Automated Colony Counting
Analytik Jena's UVP ColonyDoc-It™ Imaging Station enables researchers to quickly capture and accurately count colonies with the easy to use software interface. Automatically count colonies with the click of a button. Users can easily process time lapse counting, zone sizing and spiral counting. The system illuminates colony plates with multiple excitation sources to visualize white light and fluorescent colonies including GFP colonies. The high resolution digital color camera identifies the smallest colonies. Plate and filter sizes from 33-150mm can be accommodated. Doors create a darkroom environment, eliminating ambient light. Applications include food and beverage control, microbiology, hygiene studies, antibiotic testing, quality control and fluids contamination.
Colony Counting GFP Bacteria
An example of colony counting is demonstrated in Analytik Jena's Applications Note FP-142 discusses illumination and counting of GFP expressing E.Coli colonies.
Originally extracted from jelly fish, GFP (Green Fluorescent Protein) is a fluorescent protein that emits a green glow. GFP absorbs the energy of blue light and then emits the partially-consumed energy as green light. GFP is employed as an easily detectable marker. When a bacterial colony is labeled with GFP for comparative study, incubated under protocol conditions and viewed under blue light, the GFP bacteria emits green light. The green light emission allows the researcher to visualize and distinguish the GFP-labeled bacteria, which makes the distinction of GFP labeled cells from unlabeled cells simple and effective. The UVP ColonyDoc-It is configured with an epi blue light (~470nm) excitation source. A GFP filter is added to optimize enumeration of colony growth of bacterial and yeasts labeled with GFP.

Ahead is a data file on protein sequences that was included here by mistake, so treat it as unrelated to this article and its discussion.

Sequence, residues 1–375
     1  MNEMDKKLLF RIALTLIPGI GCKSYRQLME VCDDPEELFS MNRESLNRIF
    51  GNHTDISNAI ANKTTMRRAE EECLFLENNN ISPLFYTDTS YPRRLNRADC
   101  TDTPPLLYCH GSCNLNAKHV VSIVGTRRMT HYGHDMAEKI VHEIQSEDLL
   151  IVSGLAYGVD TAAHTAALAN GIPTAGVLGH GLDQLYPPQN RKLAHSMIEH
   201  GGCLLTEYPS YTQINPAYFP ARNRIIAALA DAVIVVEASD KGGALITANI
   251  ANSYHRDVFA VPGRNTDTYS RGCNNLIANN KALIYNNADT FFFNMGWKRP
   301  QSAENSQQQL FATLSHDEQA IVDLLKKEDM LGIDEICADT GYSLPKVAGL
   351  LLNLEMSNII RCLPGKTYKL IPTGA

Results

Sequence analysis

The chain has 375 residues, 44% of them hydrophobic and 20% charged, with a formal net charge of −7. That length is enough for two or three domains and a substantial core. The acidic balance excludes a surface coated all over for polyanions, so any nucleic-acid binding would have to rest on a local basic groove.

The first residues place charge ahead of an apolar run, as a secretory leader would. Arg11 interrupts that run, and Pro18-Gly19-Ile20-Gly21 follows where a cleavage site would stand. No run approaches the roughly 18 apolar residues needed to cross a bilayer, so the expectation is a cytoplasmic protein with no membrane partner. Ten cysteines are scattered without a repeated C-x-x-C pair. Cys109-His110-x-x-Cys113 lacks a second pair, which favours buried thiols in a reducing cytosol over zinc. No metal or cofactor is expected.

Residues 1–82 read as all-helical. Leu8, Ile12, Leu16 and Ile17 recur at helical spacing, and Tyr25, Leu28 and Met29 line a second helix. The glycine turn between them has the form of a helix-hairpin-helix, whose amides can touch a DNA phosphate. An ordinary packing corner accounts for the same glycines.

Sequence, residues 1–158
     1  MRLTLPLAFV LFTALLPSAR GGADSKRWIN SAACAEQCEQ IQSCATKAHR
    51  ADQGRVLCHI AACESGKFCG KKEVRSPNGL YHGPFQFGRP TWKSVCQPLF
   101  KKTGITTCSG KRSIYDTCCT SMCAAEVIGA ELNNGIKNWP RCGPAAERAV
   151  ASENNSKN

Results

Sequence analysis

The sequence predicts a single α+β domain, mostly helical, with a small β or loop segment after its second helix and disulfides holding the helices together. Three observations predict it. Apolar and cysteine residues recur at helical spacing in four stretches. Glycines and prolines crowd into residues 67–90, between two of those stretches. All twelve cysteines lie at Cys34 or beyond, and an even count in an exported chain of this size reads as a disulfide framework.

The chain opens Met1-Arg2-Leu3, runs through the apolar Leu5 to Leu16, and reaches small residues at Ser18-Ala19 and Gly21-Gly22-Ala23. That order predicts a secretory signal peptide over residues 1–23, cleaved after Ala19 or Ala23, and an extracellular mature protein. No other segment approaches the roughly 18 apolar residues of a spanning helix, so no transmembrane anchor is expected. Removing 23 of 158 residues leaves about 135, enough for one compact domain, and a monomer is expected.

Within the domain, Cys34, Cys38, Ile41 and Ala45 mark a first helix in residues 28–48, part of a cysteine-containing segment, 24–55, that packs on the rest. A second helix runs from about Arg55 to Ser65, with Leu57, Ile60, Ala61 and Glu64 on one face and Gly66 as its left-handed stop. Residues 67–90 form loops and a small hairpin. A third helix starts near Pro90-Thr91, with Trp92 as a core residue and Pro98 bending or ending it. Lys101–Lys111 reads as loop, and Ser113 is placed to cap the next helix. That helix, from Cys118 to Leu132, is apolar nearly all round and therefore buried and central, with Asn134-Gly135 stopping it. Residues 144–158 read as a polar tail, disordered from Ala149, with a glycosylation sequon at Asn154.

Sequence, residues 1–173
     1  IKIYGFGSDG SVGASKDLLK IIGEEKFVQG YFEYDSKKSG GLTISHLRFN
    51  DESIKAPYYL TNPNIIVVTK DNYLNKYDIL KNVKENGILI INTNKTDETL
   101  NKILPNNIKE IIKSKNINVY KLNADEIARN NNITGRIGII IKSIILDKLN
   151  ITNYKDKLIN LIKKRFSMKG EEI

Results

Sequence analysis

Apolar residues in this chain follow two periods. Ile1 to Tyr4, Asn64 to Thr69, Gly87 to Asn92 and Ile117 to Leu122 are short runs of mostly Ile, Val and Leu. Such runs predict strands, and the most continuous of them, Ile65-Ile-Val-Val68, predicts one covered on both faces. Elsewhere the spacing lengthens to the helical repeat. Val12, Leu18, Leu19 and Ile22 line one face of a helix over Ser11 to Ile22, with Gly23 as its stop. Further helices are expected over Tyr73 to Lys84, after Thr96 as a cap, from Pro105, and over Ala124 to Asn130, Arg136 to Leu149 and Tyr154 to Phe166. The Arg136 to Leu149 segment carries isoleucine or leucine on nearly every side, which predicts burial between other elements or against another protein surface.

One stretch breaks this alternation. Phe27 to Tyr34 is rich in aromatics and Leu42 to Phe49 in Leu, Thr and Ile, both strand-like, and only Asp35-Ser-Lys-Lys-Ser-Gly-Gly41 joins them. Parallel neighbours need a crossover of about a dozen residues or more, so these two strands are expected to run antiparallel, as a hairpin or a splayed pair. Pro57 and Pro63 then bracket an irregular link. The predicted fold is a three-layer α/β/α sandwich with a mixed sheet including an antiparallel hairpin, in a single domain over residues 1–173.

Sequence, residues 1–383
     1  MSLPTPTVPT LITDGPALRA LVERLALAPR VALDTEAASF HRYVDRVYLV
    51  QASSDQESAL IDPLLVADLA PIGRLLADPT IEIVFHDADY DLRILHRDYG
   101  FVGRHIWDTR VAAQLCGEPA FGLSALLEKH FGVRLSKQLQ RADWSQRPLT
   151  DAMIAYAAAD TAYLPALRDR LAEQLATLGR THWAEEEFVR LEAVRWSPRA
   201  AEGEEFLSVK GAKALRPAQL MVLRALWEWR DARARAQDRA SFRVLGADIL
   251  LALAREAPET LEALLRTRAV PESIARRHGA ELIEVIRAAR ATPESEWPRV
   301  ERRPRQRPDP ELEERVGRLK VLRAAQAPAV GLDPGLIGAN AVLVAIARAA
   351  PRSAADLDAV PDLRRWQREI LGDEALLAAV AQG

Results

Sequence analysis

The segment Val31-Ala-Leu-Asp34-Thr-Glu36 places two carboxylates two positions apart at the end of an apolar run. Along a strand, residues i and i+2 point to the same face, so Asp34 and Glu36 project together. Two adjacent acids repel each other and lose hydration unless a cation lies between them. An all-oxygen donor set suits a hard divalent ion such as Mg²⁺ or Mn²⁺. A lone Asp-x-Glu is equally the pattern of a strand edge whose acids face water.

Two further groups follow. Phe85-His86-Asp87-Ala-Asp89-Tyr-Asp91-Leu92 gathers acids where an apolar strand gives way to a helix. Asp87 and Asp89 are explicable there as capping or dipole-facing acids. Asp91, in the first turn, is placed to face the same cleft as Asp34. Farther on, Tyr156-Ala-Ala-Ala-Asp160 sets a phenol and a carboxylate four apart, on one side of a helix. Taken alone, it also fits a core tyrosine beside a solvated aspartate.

The ColonyDoc-It Imaging Station provides a simple instrument for capturing, counting, and reporting GFP-labeled colonies. By providing researchers with built-in epi blue lighting for fluorescence along with an optimized GFP filter, colonies are detectable and counted with ease and accuracy.